Healthy Living

Do Hand Sanitizers Really Work Against Disease-Causing Germs?

Though a research conducted by the U.S. Centers for Disease Control and Prevention considers hand sanitizers to be as effective as washing your hands with soap and water, it has a limit to what germs it can only eradicate and what it can't.

Hand sanitizers can’t protect you from salmonella, e. Coli, methicillin-resistant Staphylococcus aureus (MRSA) and norovirus.

Salmonella , e. Coli, norovirus and MRSA are diseases that can spread from people to people. It causes diarrhea, such in the cases of salmonella and e. Coli, which is potentially life-threatening when it becomes severe.

However, it can be prevented when you wash your hands with soap and water especially after using the toilet or preparing food.

Norovirus is a common illness that can be contracted in cruise ships as it is easily transmitted between passengers and staff. It is the chief cause of "stomach flu" symptoms that hand sanitizers can't simply kill.

The CDC still strongly recommends that passengers should clean their hands with soap and water, and not with hand sanitizers despite provided in abundance throughout the boat.

On the other hand, MRSA causes skin infections and sometimes, pneumonia. It is caused by a staph infection that is hard to treat because of its grown resistance to some antibiotics. 

It is abundant in the healthcare settings such as in hospitals, and hand washing by the use of soap and water can also prevent the spread of the disease.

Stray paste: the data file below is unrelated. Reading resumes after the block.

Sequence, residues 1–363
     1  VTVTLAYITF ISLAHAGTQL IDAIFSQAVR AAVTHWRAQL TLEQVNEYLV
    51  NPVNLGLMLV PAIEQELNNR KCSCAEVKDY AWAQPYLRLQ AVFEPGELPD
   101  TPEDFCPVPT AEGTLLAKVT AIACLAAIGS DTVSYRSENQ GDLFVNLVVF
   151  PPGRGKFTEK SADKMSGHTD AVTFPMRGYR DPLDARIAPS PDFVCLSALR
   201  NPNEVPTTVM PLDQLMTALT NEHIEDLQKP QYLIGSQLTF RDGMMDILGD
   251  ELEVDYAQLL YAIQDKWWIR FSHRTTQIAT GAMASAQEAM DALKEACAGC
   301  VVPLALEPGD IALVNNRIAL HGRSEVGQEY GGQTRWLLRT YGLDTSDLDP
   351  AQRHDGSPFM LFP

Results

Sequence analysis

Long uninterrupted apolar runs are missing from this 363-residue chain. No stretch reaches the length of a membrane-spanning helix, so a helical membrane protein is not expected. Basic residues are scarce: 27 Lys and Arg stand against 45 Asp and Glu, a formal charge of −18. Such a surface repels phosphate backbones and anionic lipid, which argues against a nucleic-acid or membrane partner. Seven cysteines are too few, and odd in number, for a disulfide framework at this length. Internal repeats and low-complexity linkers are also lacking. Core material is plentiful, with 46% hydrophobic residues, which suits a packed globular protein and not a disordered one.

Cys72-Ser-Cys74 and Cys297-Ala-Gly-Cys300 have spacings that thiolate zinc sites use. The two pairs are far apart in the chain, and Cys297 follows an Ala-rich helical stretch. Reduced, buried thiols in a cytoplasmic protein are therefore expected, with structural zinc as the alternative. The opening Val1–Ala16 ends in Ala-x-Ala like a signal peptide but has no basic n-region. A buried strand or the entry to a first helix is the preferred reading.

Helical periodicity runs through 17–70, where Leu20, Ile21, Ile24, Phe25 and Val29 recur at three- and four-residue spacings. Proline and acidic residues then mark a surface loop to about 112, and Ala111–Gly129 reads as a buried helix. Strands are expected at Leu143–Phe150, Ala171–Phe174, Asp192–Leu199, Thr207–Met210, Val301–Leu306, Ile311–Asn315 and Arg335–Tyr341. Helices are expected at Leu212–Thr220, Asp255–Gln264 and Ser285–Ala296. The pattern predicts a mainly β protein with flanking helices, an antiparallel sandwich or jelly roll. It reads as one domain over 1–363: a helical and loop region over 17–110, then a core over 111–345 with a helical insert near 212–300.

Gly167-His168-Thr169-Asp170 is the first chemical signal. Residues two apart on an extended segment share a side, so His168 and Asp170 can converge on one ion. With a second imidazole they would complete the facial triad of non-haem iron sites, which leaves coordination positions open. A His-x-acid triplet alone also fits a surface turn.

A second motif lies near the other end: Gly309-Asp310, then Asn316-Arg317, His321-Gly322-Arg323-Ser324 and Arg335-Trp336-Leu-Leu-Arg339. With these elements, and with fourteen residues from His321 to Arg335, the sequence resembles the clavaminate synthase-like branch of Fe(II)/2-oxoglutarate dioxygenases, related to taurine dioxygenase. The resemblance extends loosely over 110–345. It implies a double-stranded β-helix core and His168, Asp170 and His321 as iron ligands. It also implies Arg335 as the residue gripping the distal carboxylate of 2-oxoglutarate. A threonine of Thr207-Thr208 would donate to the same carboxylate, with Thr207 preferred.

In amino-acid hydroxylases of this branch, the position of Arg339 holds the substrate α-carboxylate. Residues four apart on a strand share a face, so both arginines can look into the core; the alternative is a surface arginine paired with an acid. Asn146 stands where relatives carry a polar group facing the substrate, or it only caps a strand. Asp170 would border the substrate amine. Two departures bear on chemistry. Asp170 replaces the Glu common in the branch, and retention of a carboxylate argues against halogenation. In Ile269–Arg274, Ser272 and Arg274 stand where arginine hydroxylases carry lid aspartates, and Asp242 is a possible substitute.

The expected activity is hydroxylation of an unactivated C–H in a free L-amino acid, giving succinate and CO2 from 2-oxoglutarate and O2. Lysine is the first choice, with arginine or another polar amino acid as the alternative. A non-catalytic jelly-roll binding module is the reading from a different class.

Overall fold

Alcohol-based hand sanitizers can also be used to get rid of the bacteria causing the MRSA but just be certain it contains at least 60 percent alcohol to clean the hands.

If someone around you is vomiting and experiencing diarrhea or known to be infected with MRSA, immediately clean your hands with soap and water observing proper hand washing techniques to eradicate the germs that you may have contracted because hand sanitizers won't simply do the job.

Hand sanitizers with 60 percent alcohol can be a convenient alternative since it could easily be hand-carried. However, washing your hands vigorously with soap and water for a matter of 20 seconds remains a more effective method at killing germs.

Hand Sanitizers May Actually Not Work For Kids Kids still get sick and rack up absences even if they use hand sanitizers in the classroom. Photo courtesy of Shutterstock

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